Noting this hypocrisy, KAAX said:

“This makes it crystal clear that the police simply do not want to do their job, are effectively caving in to the blackmail of Operation Dudula and are blatantly violating the rights of KAAX and all those participating in the march.”

Expression

Supreme Court of Appeal hands down progressive judgment on the right to freedom of expression

On 10th January 2022, South Africa’s Supreme Court of Appeal (SCA) handed down a judgment that activists have applauded as being progressive in guaranteeing the exercise of the right to freedom of expression. In the matter, the SCA was called upon to deal with an issue concerning the tension between the right to privacy and the right to freedom of expression, surrounding a Facebook post that was made by a wildlife conservationist and activist on naming and shaming a farmer who killed wildlife that he viewed as vermin.

In the matter, the SCA considered whether the publication of the Facebook posts made by Mr Smuts (the wildlife conservationist and activist) were protected by the right to freedom of expression. In a unanimous judgment, the court noted that “the right to freedom of expression in the Bill of Rights protects every citizen to express himself or herself and to receive information and ideas. The same right is accorded to activists to disseminate information to the public. The Constitution recognises that individuals in our society need to be able to hear, form and express opinions freely, on a wide range of topics.”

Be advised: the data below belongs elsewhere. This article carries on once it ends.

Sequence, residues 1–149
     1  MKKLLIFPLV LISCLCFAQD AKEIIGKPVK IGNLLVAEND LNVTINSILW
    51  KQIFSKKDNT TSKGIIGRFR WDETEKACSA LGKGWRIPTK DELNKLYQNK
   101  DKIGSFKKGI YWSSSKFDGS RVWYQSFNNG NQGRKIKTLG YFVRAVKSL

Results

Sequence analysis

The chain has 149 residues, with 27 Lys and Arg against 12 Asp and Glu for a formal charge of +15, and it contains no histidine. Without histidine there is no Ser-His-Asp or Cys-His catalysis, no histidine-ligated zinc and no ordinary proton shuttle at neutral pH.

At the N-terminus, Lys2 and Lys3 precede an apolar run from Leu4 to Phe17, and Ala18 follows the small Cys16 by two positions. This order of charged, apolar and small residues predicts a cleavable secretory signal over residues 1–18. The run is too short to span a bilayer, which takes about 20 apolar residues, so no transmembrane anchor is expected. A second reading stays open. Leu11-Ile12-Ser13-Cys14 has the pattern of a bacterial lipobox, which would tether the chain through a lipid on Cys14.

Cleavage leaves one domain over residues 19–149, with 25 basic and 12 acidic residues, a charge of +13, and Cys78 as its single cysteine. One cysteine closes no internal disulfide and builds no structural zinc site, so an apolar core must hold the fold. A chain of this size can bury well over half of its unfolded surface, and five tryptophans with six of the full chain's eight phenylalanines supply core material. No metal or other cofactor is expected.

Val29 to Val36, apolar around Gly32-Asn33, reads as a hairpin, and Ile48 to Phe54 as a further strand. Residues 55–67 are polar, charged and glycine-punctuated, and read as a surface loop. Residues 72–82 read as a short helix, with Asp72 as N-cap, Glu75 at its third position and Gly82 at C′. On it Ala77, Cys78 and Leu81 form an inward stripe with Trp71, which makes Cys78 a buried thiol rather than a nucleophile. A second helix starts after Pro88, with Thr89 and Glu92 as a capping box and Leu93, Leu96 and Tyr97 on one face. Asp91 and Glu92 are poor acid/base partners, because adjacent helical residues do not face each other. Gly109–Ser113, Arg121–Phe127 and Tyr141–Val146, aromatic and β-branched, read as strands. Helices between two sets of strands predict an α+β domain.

In addition, the SCA also noted that the content that was published on Facebook by the activist “was a fair comment and the public interest is best served by publicising the truth rather than oppressing it.”

Cybercrimes Act 19 of 2020 comes into effect

On 1st December 2021, a few sections of the Cybercrimes Act 19 of 2010 came into effect. President Cyril Ramaphosa officially signed the law on 26th May 2021,

As stated in the Act, the piece of legislation intends, amongst other things, “ to create offences which have a bearing on cybercrime” and to also “criminalise the disclosure of data messages which are harmful and to provide for interim protection orders.” For example, the Act makes provision for criminalising the sharing of intimate images of a person on social media without their permission.

As it stands, the Act has partially come into effect, and those applicable sections include those setting out the types of cybercrimes and malicious communications, including the sentencing for offences, and those referring to the jurisdiction of the courts. The Act also gives extensive powers to the South African Police Service (SAPS) to investigate, search, access and seize articles (such as computers, databases, networks) used in the commission of cybercrimes, and to also co-operate with foreign states to investigate cybercrimes.

2021 Reporters without Borders Index: South Africa’s “Press Freedom is guaranteed but fragile”

In the 2021 Reporters without Borders Index, a barometer that evaluates the state of press freedom in 180 countries, South Africa was ranked at number 32, dropping one place from the previous year.

In its analysis of the situation in South Africa, the Reporters without Borders Index reports that although press freedom is protected in the country’s Constitution, the exercise of the right remains in a fragile situation. The index further states that the investigative journalism culture in South Africa is often limited by apartheid-era legislation and terrorism laws which are still in effect and therefore “limit coverage of government institutions when “national interest” is supposedly at stake”.

For many years, journalists in South Africa have been subjected to harassment and surveillance when investigating high profile cases. More recently, journalists were negatively affected in carrying out their work since the start of the COVID-19 pandemic due to lockdown regulations and “a community newspaper editor even had to flee to Lesotho after being threatened by the police for covering a lockdown-related story”.